Asian American Studies Class at Cal to Present Talk with Civil Rights Activist

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BERKELEY — The Guest Lecturer Series for Asian American/Asian Diaspora Studies 122, “Japanese American History: Historical and Contemporary Perspectives,” will start on Thursday, Sept. 26, from 3:30 to 5:30 p.m. at 554 Barrows Hall on the UC Berkeley campus.

Chizu Iiyama (Photo by J.K. Yamamoto)

With “Life Behind Barbed Wire: Lessons for Today” as the topic, AA/ADS 122 will be hosting a Q&A session with community elder Chizu Kitano Iiyama, a long-time Bay Area civil rights activist.

Born and raised in San Francisco, she was a senior at UC Berkeley when war broke out between the U.S. and Japan on Dec. 7, 1941. It was while she was living in a horse stall at the Santa Anita Assembly Center that she received her diploma from the university.  She served as assistant director of the Education and Recreation Department while at Santa Anita, and as a social worker at the Topaz War Relocation Center in Utah.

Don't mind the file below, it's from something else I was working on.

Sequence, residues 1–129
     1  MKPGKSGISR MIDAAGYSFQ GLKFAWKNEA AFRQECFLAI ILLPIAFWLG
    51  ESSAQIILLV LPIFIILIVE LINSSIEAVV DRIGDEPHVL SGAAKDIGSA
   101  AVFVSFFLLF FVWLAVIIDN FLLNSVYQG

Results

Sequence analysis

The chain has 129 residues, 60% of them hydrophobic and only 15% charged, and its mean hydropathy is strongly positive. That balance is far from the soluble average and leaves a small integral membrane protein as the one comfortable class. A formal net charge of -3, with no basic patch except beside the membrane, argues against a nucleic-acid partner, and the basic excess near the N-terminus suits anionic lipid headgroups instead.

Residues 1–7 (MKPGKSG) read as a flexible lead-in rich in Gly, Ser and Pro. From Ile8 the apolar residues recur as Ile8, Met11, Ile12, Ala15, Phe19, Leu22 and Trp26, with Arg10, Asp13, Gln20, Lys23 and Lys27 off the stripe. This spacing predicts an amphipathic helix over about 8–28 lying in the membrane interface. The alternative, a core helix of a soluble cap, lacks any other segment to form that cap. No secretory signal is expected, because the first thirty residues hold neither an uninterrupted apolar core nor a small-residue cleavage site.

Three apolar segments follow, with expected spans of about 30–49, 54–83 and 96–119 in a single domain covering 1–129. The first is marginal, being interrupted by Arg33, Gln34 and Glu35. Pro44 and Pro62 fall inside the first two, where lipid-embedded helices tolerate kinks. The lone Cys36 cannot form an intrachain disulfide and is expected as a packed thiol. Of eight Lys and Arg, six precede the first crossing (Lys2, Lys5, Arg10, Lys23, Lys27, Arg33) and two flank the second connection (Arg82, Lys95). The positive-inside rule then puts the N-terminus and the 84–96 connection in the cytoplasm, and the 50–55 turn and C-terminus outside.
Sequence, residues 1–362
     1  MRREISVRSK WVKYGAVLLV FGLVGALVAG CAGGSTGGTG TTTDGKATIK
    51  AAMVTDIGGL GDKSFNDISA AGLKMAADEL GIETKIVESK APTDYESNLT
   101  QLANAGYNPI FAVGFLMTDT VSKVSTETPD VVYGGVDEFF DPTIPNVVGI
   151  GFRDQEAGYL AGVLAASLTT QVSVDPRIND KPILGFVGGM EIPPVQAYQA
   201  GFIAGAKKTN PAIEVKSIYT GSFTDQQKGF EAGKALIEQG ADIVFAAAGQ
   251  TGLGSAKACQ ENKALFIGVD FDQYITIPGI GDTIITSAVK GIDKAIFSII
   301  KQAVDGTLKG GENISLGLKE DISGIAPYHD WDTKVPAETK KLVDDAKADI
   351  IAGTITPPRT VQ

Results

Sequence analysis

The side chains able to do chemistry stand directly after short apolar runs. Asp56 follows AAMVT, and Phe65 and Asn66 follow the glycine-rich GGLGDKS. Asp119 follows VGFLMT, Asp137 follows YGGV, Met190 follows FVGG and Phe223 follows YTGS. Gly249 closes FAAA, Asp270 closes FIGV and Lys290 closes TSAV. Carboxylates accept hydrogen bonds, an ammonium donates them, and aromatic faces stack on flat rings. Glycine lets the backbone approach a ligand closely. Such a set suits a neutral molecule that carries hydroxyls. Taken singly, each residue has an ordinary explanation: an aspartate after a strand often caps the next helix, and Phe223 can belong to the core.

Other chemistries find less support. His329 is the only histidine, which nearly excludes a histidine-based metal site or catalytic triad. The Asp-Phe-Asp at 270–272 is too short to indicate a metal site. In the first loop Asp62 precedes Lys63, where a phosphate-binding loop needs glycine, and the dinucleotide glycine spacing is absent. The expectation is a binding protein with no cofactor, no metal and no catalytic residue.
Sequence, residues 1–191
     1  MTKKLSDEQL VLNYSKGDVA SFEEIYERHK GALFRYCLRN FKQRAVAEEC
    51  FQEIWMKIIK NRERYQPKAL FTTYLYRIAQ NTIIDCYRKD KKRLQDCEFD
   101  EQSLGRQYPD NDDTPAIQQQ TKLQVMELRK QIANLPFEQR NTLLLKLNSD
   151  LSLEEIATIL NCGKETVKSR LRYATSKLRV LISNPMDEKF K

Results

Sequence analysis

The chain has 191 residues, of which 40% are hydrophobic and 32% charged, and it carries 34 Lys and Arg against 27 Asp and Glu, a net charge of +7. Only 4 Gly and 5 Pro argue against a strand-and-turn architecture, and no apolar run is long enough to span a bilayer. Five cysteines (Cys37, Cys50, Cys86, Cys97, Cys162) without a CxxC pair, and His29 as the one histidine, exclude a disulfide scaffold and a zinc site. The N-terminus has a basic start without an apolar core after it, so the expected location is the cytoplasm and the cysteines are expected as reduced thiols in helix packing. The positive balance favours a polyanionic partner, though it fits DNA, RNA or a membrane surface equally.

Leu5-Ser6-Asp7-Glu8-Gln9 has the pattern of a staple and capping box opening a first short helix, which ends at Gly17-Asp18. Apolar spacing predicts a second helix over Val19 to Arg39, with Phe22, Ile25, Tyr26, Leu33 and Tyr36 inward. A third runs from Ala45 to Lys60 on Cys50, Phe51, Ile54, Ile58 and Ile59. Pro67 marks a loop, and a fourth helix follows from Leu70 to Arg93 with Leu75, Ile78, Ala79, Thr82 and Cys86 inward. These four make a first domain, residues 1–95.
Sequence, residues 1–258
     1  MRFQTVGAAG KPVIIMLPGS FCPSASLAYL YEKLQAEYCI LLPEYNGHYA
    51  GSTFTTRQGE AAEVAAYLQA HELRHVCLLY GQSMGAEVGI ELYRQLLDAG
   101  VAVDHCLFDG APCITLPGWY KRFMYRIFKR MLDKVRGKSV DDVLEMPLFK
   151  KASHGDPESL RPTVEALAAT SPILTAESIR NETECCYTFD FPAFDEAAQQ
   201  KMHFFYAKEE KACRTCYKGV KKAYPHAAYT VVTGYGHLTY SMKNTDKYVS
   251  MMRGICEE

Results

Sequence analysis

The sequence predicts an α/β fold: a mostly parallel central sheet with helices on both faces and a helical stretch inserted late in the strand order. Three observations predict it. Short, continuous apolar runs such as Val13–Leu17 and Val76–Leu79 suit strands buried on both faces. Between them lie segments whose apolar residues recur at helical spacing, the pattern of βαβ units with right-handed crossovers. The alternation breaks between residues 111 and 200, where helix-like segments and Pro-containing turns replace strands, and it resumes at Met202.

Iiyama has been active with a number of organizations over the years as an educator and a leader, including the Early Childhood Education Program at Contra Costa College, the Richmond and El Cerrito Human Relations Committees, the National Japanese American Historical Society, the National Coalition for Redress and Reparations, and the Japanese American Citizens League. 

Her siblings include the late Harry Kitano, a noted social scientist at UCLA.

This lecture is the first of a series that the course will be sponsoring this semester. Students, staff, faculty, and community members at large are welcome to attend. For additional information, contact Professor Lisa Hirai Tsuchitani at [email protected]

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